Households could face a one-off charge of £17 a year to help prevent energy suppliers from going bust.
Ofgem says rising prices and the cost of living crisis meant consumers were £2.6bn in debt over the summer – a record high – piling pressure on businesses.
The energy regulator argued that consumers could end up facing even higher costs and poorer standards of service unless action is taken.
About 30 suppliers went out of business during the energy crisis – at a cost of about £82 to every single customer.
A consultation has now been launched on the proposals, which would add a further £1.50 a month to bills.
Ofgem stressed that any increase would be delayed until April to shield consumers from rising costs during the winter.
Tim Jarvis, the regulator’s director general for markets, said: “We know that households across the country are struggling with wider cost of living challenges, including energy, so any decision to add costs to the price cap is not one we take lightly.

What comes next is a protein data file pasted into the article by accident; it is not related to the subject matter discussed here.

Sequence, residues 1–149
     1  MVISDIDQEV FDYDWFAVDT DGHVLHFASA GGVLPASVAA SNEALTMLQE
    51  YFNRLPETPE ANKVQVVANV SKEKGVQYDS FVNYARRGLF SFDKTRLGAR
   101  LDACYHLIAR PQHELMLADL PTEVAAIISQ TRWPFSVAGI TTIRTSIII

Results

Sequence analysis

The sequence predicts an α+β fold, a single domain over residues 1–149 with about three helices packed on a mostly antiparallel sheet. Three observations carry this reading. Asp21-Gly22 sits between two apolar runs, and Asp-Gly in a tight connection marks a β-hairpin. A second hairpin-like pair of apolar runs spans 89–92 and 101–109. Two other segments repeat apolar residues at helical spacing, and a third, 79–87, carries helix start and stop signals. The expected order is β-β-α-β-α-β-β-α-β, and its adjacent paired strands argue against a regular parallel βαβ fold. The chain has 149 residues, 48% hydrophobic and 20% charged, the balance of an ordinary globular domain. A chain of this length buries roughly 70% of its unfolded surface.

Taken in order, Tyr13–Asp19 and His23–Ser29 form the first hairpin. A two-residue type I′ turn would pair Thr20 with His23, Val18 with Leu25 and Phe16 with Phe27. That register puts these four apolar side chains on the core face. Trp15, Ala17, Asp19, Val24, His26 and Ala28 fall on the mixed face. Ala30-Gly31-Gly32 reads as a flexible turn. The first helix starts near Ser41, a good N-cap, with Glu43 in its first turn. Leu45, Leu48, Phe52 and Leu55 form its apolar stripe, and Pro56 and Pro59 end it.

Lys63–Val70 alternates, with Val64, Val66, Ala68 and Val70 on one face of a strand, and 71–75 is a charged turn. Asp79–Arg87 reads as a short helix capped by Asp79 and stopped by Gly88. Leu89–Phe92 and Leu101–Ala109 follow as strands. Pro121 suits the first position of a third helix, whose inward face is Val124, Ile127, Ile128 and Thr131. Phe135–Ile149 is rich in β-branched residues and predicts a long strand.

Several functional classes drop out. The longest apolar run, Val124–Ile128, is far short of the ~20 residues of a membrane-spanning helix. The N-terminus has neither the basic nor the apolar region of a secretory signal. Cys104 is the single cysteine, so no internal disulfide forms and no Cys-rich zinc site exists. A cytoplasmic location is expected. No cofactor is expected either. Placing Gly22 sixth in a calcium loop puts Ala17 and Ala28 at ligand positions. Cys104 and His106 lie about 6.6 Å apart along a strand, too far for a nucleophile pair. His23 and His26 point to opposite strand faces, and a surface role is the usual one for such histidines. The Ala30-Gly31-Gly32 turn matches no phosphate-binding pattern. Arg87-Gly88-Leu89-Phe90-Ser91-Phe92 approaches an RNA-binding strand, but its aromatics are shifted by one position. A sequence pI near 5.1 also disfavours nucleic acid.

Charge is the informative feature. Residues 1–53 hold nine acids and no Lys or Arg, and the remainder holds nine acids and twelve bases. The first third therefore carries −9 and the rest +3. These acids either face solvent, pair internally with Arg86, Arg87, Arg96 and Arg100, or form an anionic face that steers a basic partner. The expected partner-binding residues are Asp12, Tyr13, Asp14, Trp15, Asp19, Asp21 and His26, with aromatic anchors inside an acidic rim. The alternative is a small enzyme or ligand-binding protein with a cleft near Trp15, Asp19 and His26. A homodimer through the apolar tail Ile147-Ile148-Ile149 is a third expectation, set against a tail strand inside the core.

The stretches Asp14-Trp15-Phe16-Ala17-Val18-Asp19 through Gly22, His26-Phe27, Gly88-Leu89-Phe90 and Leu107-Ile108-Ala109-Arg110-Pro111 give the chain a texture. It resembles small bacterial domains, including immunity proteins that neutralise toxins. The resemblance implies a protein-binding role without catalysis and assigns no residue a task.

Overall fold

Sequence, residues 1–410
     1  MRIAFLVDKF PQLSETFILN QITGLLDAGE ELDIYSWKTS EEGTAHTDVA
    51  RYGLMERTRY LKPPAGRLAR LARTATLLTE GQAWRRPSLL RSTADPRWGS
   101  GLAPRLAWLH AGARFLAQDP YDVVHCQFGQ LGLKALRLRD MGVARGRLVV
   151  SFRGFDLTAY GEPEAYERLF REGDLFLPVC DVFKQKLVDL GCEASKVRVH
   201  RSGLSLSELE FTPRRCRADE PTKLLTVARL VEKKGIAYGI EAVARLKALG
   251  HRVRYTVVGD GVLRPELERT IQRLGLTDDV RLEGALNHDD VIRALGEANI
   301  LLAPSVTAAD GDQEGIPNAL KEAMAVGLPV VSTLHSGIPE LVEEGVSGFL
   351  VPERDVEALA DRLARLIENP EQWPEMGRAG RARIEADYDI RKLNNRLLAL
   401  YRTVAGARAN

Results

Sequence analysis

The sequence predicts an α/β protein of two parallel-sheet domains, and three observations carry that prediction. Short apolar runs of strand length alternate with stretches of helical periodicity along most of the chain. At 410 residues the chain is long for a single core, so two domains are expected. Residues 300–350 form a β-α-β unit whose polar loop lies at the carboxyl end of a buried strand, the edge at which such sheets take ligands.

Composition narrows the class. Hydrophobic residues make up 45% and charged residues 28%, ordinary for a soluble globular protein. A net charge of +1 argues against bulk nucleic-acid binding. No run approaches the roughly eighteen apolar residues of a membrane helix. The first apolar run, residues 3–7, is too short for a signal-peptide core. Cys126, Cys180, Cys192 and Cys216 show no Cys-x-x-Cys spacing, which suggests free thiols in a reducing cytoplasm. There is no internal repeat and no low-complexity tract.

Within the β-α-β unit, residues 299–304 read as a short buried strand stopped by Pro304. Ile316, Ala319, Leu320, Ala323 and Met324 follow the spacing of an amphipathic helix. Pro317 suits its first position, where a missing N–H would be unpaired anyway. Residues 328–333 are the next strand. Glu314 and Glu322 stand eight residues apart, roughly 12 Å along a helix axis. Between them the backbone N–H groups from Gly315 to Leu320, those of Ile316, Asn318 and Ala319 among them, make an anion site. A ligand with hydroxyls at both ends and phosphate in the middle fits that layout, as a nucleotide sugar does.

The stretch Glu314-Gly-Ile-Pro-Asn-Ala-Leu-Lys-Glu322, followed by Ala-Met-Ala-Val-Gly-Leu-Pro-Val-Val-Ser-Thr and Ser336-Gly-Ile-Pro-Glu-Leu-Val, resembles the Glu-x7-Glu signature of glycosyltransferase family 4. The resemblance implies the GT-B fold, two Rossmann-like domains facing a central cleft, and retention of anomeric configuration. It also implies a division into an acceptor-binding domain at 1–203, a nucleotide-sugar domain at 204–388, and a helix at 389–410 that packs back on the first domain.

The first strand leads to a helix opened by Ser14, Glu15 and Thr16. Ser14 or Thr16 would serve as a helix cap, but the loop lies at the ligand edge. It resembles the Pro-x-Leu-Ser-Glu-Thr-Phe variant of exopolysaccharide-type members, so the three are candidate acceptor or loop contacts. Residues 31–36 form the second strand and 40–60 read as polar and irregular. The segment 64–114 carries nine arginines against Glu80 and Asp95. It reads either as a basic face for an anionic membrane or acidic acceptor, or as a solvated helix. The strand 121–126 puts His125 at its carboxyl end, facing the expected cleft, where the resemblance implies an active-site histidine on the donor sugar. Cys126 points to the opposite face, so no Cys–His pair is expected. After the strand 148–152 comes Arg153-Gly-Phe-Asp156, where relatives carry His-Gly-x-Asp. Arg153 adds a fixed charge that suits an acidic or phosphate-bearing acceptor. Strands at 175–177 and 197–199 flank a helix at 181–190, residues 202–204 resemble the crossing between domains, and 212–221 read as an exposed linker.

“However, the scale of unrecoverable debt and the potential risk of suppliers leaving the market or going bust, which passes on even greater costs to households, means we must look at all the regulatory options available to us.”
In other developments, Energy UK – which represents the industry – has announced that 14 suppliers have agreed to provide better support to households falling behind on their bills, including the likes of British Gas and Octopus.
They are pledging to offer additional financial help, training for customer service staff talking to callers with debt problems, and proactively identify those struggling to keep up with bills.
“Our industry recognises the challenges many customers are facing, and suppliers that serve homes across the country have invested in different ways to support them,” Energy UK’s deputy director Daniel Portis said.
But Simon Francis, from the End Fuel Poverty Coalition, is calling on the government to step in to help customers pay off energy debts.
He said: “Households are struggling under the huge weight of energy debt which has been caused through no fault of their own, but by rising prices.
“All this time, energy firms have continued to profit from the misery of people racking up debt and living in cold, damp homes.
“Rather than pass on more increases to energy bills, the government needs to work with energy firms to introduce a ‘help to repay’ scheme to help get Britain’s households back on to an even keel.”